The past three months have been exciting and distressing, hopeful and dour, but most of all, they have been full of headlines. Headline risk in the markets has taken a front and center role again. Investors are cautious, with the 10-year Treasury staying within a fairly narrow 25 basis point range following a modest post-election increase. Markets are telling us they do not expect any significant changes, and that interest rates are biased to remain fairly low. Expectations for the president to implement any change to fiscal policy are being pushed further and further out due to his caustic approach to leading.
The president has spent considerable political capital trying to get his cabinet through congress, battling the judicial branch on his travel ban, and avoiding his myriad of conflicts of interest. His misunderstanding of the process has been evident in his action. His staff is disorganized and at times appears greatly confused about the law and facts at hand. The learning curve is always steep for a new administration. The ability to surmount that curve may prove too difficult for an administration with no political experience. Brands may succeed in business without any substance, but it does not transfer over very well to politics, where the voters are in charge and they expect results. This will do little though to diminish the impact that headlines will have on markets and near-term volatility.
Speculation about the Federal Reserve’s (Fed) balance sheet has been a popular topic in the news, street research, and Federal Reserve speeches. Specifically, what the future path of balance sheet normalization may look like. The views across market participants vary, and risk around this subject is significant for interest rates, and especially for the US mortgage-backed securities market. We have seen a number of requests from clients for commentary on the subject. We expect that with more headlines, we will see more questions due to investor unease.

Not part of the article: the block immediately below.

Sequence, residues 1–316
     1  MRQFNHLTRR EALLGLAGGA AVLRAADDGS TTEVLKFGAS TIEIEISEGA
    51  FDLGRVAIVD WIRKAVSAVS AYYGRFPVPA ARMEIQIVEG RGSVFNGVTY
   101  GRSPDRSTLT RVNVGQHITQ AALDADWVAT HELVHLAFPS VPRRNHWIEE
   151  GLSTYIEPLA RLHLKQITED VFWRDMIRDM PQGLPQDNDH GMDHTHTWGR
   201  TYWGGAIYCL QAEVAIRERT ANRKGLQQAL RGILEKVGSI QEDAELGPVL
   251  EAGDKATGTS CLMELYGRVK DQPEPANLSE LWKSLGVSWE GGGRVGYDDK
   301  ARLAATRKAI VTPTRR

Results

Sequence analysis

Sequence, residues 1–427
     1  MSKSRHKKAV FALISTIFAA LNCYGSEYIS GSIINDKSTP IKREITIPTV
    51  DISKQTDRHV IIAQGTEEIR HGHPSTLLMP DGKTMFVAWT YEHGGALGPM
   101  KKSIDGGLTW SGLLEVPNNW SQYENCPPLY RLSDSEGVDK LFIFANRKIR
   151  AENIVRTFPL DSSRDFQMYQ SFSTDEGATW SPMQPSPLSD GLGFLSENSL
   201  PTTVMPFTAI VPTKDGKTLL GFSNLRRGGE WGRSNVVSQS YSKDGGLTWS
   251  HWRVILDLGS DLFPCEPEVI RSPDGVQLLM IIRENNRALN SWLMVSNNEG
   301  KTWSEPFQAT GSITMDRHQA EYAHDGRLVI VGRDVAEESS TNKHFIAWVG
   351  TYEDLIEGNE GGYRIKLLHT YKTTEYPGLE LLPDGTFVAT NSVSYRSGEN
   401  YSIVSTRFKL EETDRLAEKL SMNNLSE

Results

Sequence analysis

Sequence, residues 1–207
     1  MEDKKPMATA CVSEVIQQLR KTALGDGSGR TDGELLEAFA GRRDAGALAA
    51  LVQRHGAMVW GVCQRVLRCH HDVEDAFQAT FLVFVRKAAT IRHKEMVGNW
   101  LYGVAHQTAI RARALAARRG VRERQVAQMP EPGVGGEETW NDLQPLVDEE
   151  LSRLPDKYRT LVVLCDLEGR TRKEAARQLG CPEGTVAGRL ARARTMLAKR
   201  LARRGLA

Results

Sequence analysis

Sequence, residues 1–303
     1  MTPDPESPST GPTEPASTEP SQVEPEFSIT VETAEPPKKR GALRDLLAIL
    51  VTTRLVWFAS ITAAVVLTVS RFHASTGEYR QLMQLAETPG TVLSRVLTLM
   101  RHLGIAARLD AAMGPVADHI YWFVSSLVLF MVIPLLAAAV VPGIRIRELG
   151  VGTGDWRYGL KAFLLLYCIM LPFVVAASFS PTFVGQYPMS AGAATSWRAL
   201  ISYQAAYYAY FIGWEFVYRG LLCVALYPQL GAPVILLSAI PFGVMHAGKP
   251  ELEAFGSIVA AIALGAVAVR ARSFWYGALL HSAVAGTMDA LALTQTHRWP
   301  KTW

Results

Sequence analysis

The following comment, from St. Louis Federal Reserve President James Bullard, is indicative of the headline risks involved with normalization. “If there were to be government sponsored enterprise (GSE) reform on the horizon and some people on Capitol Hill are talking as if GSE reform would be imminent, then we might not want to be holding mortgage-backed securities (MBS) on the grounds that the successors to the GSEs are private sector companies and we’d be helping private-sector companies.” Most investors have not been overly concerned about the impact of GSE reform on the Federal Reserve’s balance sheet. This adds a completely new angle to the discussion, regarding the ownership structure and future guarantee of Agency MBS.
Bullard appears to be arguing that any potential GSE reform might weaken the guarantee of those Federal National Mortgage Association (FNMA) or the Federal Home Loan Mortgage Corporation (FHLMC) MBS. We do not believe this is in the realm of possibility. The Federal Reserve Act could potentially limit their ability to buy new, non-guaranteed MBS. They would still have access to a large stock of grandfathered, guaranteed Agency MBS and would not be compelled to sell any of those Agency MBS under the Federal Reserve Act. A regional Federal Reserve President should know that prior to publicly making that statement and generating confusion.
We do not believe that GSE reform is in any way imminent. Any change to the current structure would need to come from Congress, not from executive order. Additionally, the GSE’s have become a very profitable revenue generator for the Treasury, so the incentive to make any material changes to the status quo is quite low.Download to read more